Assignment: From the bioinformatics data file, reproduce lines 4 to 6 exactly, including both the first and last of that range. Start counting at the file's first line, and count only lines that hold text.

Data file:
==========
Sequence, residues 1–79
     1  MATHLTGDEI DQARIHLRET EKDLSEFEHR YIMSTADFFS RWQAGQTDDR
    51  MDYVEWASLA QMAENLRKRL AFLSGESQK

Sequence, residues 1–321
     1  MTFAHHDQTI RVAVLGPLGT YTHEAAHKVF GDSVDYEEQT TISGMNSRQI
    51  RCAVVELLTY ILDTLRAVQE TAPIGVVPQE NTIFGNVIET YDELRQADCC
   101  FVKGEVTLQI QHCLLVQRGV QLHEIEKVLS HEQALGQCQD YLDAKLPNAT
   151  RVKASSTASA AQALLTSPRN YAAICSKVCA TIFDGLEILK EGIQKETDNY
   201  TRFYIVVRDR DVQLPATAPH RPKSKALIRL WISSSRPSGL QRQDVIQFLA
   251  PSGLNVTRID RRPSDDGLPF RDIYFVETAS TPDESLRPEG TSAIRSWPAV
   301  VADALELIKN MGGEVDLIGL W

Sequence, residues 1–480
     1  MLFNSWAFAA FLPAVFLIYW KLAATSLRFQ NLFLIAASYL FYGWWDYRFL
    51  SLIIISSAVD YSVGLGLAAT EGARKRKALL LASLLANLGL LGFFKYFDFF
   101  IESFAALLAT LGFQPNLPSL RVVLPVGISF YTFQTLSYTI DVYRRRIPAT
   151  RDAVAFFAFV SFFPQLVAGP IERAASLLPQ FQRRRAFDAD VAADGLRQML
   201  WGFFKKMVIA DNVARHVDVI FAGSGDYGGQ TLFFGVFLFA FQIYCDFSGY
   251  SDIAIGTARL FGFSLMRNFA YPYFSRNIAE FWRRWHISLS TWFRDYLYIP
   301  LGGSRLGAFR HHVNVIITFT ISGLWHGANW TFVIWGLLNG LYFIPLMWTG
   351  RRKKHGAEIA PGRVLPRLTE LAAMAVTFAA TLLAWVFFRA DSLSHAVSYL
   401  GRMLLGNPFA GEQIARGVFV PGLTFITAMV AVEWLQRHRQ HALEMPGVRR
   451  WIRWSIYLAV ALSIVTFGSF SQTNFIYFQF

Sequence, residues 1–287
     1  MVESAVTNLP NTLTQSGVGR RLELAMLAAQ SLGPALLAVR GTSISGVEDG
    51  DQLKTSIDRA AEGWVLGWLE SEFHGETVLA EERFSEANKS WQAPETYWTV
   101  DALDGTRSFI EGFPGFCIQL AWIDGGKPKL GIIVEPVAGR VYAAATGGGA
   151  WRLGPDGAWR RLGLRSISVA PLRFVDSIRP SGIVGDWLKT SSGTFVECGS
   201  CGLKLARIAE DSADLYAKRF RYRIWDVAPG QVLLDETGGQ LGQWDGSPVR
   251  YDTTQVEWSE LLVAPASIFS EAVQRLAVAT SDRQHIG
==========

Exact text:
Sequence, residues 1–321
     1  MTFAHHDQTI RVAVLGPLGT YTHEAAHKVF GDSVDYEEQT TISGMNSRQI
    51  RCAVVELLTY ILDTLRAVQE TAPIGVVPQE NTIFGNVIET YDELRQADCC